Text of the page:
Unclaimed Melody: 1 in 4 Southern tax filers claimed the EITC in 2010; more than $2.9 billion still unclaimed
The federal Earned Income Tax Credit (EITC) is keeping people out of poverty. In the South from 2009 to 2011, 2.2 million people – 52 percent of them children – received enough support from the EITC to remain above the poverty line. It’s helping keep rural people out of poverty, too. The Center on Budget and Policy Priorities revealed that nearly 23 percent of rural tax filers (compared to 20 percent nationwide) claimed the EITC in 2010, drawing down more than $10.5 billion to meet the immediate needs of low-income working families. The figures are even more striking for the South: 30 percent of rural tax filers claimed the EITC compared to 24 percent of urban tax filers.(1) This and other findings emerge from fresh analyses of government data, especially the Supplemental Poverty Measure.
The EITC is one of the few federal programs that have received bi-partisan support since its initial passage. Signed into law under President Ford, and expanded by Presidents Reagan, Clinton, Bush, and Obama, the EITC has had a significant impact on reducing poverty. In fact, President Reagan referred to the EITC as “the best anti-poverty, the best pro-family, the best job creation measure to come out of Congress.”(2)
Impact in the South
The economic impact of the EITC is particularly significant in the non-metro South. While accounting for only 40 percent of America’s total non-metro population, Southern EITC tax filers (2 million) claimed nearly 50 percent ($5 billion of the $10.5 in rural America) of the total credits with an average return of $2,442.(3)
And thanks to the Census office’s new Supplemental Poverty Measure, we are able to see how the EITC is actually keeping people out of poverty. According to an analysis by the The Brookings Institution, from 2009 to 2011, 2.2 million Southerners were kept out of poverty by the EITC alone. The table below shows, state-by-state, how families and children were affected by EITC uptake. The map that follows displays the percent of total tax returns claiming the EITC by county.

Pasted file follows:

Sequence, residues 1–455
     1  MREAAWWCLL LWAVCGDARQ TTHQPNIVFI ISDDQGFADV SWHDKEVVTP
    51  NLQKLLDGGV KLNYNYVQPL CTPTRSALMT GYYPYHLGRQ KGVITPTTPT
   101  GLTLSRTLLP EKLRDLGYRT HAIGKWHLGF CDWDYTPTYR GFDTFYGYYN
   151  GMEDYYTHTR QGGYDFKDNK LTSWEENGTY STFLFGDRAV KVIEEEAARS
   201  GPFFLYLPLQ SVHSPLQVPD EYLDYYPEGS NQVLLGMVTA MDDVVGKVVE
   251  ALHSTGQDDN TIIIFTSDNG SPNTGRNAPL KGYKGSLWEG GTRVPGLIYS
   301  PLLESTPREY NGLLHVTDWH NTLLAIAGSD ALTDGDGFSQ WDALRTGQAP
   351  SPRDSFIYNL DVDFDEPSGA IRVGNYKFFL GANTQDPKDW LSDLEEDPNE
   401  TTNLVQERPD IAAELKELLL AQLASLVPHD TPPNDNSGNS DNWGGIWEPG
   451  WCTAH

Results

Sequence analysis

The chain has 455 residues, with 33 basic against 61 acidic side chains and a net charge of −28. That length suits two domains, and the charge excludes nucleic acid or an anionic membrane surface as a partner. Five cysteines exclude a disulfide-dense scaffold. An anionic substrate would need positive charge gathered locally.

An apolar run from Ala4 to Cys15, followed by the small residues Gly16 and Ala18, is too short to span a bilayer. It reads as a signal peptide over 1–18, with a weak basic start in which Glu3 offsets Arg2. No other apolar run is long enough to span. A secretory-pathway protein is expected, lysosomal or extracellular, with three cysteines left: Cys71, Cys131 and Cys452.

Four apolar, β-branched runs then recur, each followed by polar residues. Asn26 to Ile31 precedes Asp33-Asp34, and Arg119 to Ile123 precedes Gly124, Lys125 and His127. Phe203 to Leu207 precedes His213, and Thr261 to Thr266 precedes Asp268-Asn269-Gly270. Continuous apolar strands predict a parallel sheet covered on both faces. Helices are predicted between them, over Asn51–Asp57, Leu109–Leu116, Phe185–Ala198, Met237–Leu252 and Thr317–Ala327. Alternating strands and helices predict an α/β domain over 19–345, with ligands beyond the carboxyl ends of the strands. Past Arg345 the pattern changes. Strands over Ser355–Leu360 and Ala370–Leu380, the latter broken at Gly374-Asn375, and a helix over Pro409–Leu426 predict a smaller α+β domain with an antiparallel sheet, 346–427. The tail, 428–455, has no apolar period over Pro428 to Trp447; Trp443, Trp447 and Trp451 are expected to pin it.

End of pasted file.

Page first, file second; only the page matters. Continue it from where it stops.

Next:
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Unclaimed EITC in the South
Though EITC uptake has increased during the economic downturn, far too many eligible people fail to claim the EITC. In 2010, nearly 1.9 million eligible Southerners failed to claim the EITC, leaving more than $2.9 billion on the table. This money could have been spent in local economies, boosting economic activity and providing a much needed economic boost to families.
(Click to view larger image.)
Until March, North Carolina was the only Southern state to offer a state version of the EITC. Eligible tax payers were able to receive 5 percent of the federal EITC through 2012, 4.5 percent in 2013. The credit was eliminated by a new law, passed this spring. With the elimination of the state EITC, state legislators have removed a critical supplement for low-income families, particularly veterans. According to recent analysis completed by the Center on Budget and Policy Priorities, roughly 64,000 veteran and active-duty military families will be affected by the expiration of the state’s EITC.
The Benefit Bank® of North Carolina
But the federal tax credit still exists and there are ways to reach out to eligible individuals. In our neck of the woods, The Benefit Bank of North Carolina is one way. TBB-NC is a statewide initiative that connects low- and medium-income families and individuals to work and education supports, including tax credits, food and health benefits, and student financial aid. TBB-NC supports participating organizations with free counselor training and access to The Benefit Bank, a powerful online service that makes it easy for eligible individuals to complete their state and federal tax returns in order claim the EITC. (Individuals can also complete their taxes using the self-serve version of TBB). With nearly 160,000 North Carolinians failing to claim the EITC in 2010, more than $245 million is waiting to be claimed. To learn more about our efforts visit the TBB-NC website.